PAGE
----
In times of crisis, the main question is: can the course of our story be altered? Can it change for the better? Today's reading on Lot's leaving Sodom and Gomorrah bears this good news. The preceding story, Abraham's successful prayers for the city of Nineveh already showed this. What strikes us in these stories, that both of them negotiate with God. Abraham is driving a hard bargain. He begs for God's mercy for fifty. Step by step, he lowers the number of righteous for whose sake God will change his mind and save the city. 'Suppose five of the fifty righteous are lacking? Will you destroy the whole city for the lack of five?' God – destiny – is moved by this love for fellow human beings.
In Lot's case it is not saving the city. He hosts the angels of history the night before destroying the sinful cities. 'And he made them a feast, and baked unleavened bread, and they ate.' Then the angels of destruction warn Lot to warn his relatives, and himself, to leave in time. They show compassion, in response to Lot's generosity.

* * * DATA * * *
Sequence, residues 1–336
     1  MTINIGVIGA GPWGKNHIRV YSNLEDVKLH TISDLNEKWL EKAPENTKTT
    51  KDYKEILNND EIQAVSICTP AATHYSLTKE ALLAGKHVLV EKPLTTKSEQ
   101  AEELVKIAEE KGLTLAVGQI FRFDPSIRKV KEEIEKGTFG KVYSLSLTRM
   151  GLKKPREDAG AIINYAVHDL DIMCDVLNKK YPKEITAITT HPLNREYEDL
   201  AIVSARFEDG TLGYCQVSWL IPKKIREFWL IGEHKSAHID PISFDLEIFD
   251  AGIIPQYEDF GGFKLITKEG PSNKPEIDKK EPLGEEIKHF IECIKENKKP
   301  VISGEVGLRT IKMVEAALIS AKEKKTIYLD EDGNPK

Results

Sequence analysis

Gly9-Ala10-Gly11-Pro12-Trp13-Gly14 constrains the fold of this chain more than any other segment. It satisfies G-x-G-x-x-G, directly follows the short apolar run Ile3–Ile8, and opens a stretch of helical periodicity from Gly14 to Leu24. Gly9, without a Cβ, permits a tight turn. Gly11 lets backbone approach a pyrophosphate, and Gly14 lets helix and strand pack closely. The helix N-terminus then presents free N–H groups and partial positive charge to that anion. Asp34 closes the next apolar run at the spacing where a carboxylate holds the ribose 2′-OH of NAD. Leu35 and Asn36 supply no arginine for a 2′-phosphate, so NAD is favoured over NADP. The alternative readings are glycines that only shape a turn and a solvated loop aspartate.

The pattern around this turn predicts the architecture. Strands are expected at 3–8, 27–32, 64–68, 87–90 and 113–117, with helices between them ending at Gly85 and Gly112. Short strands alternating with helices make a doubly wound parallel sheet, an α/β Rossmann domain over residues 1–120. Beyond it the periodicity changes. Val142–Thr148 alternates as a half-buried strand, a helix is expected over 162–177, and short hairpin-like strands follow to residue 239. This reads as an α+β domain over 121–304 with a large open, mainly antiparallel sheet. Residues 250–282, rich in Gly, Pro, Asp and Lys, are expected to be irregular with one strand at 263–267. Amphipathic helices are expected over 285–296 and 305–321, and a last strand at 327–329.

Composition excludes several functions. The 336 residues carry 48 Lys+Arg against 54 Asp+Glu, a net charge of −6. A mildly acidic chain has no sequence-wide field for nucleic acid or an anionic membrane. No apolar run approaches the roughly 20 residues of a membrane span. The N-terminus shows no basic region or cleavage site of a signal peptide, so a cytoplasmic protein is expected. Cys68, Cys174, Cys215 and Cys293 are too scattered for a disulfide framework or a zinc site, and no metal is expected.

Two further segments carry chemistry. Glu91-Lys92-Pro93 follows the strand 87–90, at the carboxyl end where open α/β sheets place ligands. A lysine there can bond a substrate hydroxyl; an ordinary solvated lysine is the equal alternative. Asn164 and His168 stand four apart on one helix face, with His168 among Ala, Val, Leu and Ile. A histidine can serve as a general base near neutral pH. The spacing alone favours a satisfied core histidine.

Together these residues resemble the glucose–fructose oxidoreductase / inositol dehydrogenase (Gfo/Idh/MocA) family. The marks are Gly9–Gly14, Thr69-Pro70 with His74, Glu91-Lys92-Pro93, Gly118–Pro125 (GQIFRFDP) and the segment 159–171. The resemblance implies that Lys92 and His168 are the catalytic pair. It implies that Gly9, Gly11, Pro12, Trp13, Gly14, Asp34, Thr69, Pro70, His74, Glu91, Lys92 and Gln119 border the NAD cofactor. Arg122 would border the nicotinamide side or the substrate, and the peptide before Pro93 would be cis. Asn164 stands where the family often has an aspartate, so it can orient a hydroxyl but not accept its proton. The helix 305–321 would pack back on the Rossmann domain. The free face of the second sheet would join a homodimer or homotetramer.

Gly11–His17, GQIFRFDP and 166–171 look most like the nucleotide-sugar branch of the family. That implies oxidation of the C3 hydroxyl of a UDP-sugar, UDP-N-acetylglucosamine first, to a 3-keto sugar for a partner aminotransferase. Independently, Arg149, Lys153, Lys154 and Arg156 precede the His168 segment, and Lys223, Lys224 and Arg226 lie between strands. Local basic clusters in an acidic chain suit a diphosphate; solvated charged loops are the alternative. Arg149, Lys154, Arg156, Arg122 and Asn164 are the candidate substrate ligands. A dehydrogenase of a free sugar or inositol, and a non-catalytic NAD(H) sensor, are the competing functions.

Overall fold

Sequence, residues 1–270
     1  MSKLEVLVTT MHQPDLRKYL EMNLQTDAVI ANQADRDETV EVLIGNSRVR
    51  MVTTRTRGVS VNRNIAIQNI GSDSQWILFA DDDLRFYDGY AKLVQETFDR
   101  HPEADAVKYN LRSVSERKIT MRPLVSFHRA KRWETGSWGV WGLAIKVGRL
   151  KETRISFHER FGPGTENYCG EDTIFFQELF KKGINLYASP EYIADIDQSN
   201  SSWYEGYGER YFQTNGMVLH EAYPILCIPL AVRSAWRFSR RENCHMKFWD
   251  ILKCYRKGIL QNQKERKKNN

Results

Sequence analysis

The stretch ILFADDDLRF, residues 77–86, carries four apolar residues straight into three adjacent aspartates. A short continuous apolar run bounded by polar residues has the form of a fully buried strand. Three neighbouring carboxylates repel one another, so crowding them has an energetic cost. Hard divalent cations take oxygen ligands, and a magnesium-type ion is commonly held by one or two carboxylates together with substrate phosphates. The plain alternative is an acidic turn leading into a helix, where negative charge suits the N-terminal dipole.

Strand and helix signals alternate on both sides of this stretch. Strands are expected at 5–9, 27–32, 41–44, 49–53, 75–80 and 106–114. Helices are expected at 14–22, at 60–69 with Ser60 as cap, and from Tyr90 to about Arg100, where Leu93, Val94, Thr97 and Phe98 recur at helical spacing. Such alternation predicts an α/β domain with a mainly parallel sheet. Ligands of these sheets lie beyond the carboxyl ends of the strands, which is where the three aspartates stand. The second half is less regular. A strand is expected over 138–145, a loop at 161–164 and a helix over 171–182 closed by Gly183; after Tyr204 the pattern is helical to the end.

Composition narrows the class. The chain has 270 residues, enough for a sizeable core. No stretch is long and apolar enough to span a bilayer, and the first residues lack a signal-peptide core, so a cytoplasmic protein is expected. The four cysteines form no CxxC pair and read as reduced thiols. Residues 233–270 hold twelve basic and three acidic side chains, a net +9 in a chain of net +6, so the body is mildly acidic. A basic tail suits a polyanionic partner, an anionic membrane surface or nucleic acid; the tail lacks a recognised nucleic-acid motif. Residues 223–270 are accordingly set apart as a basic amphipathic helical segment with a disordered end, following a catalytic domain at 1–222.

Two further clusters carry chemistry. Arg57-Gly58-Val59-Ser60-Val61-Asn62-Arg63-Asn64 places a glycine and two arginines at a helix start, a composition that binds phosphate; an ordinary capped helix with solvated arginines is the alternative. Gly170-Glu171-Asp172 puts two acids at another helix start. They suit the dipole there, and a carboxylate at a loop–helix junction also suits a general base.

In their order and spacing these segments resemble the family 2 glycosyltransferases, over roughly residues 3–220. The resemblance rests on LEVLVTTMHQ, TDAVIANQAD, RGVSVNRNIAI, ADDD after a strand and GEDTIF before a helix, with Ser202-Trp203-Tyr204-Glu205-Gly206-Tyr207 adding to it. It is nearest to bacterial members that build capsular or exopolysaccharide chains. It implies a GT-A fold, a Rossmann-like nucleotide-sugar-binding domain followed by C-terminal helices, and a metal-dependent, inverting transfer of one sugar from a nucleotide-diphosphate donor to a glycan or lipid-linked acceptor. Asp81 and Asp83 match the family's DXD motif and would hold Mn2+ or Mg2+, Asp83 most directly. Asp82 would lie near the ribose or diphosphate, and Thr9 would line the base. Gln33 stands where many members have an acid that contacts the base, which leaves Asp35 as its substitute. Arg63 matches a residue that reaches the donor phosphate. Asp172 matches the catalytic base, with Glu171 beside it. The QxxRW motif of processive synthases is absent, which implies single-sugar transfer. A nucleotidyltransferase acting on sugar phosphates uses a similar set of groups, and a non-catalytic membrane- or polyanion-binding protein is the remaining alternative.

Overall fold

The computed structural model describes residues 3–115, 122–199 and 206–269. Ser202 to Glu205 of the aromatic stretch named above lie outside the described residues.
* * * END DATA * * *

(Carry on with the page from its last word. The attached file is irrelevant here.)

The good news is that powers that shape our history can be altered. Human compassion can liberate powers of grace and initiate a new turn. So, history is not destiny, it is not a closed iron cage. The challenge is twofold. To have compassion and charity ready in our hearts, and to meet the angels of our cities in time. The question is as to whether the meeting point is in our churches. And weather the angels will find those persons, whom they want to meet, or who have the power – like Abraham and Lot did – to move them to compassion.
These are verbal Icons, expressions of how the world is seen from Saint Augustine's..